Grandma Royer’s birthday is coming up soon. I have a picture of her here on my desk at home and her smile always brings back great memories of her; from time to time the picture reminds me of one of my favorite Grandma Royer stories.
Edith Royer was born on February 17th 1900. She grew up in a different world of no electricity or running water. She would often say that she was so glad she lived in a time where she could witness exciting history and wonderful, life-changing inventions. She was a teenager during World War I and a mother during World War II. She vaguely remembered the sinking of the Titanic and Lindberg’s flight to Europe. She remembered when they got their first telephone at home, and that six homes shared one phone line. If you picked up the phone and someone was already talking, you just had to wait your turn. Some of the best gossip in Clay City, Indiana found its origin on the Clay City Rural Telephone Company lines. It seems some folks enjoyed listening in on other folk’s telephone conversations so much it became a daily source of entertainment.
Grandma Royer enjoyed even the simplest of innovations. She hung on to the use of ice trays as long as she could. After all, how could you improve on a simple metal tray, filled with water and placed in the freezer compartment of your refrigerator? In just a few hours you had 12 nice ice cubes, enough to chill water or tea at dinner and supper. In case that sounds odd to you, on the farm, dinner was the noon meal and supper was in the evening. When I’m in charge we’ll go back to calling meals what they ought to be called.
Her Frigidaire that had served her so well went on the fritz one day. Forrest Collins of Clay City Electric pronounced it dead for good and offered to bring Grandma a new model that has an ice maker built right into the freezer compartment. She didn’t know what to think of such a thing. You mean, it just makes ice and you don’t have to fill trays or anything? Forrest assured her that everyone’s getting them and that she would enjoy this new convenience too.
My Mom went into town to Grandma’s house the day the men were to deliver her new refrigerator. Out with the old and in with the new. Grandma appreciated being able to pay cash for everything, and she had the money counted out and laying on the dining room table. She made the delivery men wait while she cleaned and scrubbed the floor where the old fridge has been. In a matter of minutes, the new Frigidaire was quietly humming, and in a couple hours Grandma was startled at the sound of ice cubes tumbling from the ice maker into the plastic holding tray.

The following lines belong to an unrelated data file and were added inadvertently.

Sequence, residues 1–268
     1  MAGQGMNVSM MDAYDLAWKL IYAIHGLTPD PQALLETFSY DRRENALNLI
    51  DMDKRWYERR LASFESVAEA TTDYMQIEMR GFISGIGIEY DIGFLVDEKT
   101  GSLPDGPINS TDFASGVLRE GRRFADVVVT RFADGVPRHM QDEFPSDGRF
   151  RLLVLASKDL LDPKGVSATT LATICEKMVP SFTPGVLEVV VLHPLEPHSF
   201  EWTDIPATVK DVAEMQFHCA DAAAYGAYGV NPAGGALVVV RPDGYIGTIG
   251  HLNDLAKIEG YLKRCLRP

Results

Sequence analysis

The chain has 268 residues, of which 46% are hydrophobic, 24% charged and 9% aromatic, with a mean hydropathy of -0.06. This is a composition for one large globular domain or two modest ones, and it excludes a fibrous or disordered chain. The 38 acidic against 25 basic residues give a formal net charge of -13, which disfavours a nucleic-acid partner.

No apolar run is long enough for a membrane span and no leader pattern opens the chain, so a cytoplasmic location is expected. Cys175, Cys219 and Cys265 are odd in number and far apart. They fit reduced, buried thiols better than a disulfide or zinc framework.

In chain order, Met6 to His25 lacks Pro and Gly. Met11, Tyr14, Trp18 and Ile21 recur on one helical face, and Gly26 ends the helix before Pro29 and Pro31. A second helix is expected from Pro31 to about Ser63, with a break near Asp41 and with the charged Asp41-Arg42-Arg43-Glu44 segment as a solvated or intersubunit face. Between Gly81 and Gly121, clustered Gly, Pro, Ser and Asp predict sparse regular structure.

The next day, Grandma called my Mom and said; “Jean, do you need some ice cubes out there.” Mom assured her that we had plenty of ice cubes and didn’t need any right now. They talked some more, and Mom thought Grandma was just trying to be funny offering ice cubes from her new ice maker. The seriousness of the situation became apparent a couple of days later when Grandma called again and asked to speak to Rich. That’s what she called my Dad. No one else did…another story for another time.
“Rich, come in when you can.” Dad went right in and found Grandma’s new freezer filled with bags of ice. She had started bagging ice and putting it in her larger freezer. She said, “Rich, I just can’t possibly use this much ice.” “This ice maker is nice and all, but it never stops.”
Forrest and his delivery men didn’t think of explaining to Grandma that when the tray gets full, the little metal arm catches on the pile of ice and doesn’t make any more until you use some. Then, sensing there’s room for another tray full, it then makes more ice. Grandma was staying well ahead of the little metal arm. As soon as the tray got close to full she was dutifully emptying the ice into bags for storage. Just when Grandma Royer was on the cusp of starting the Clay City Ice Company, Dad showed her the little metal arm and how it works. She laughed her signature laugh and made Dad promise to never tell anyone how silly she was. He promised that this story would stay in the family. I didn’t make such a promise.
You would have liked Grandma Royer, and she would have liked you too.
See you tonight at 5:00, 6:00 and 10:00.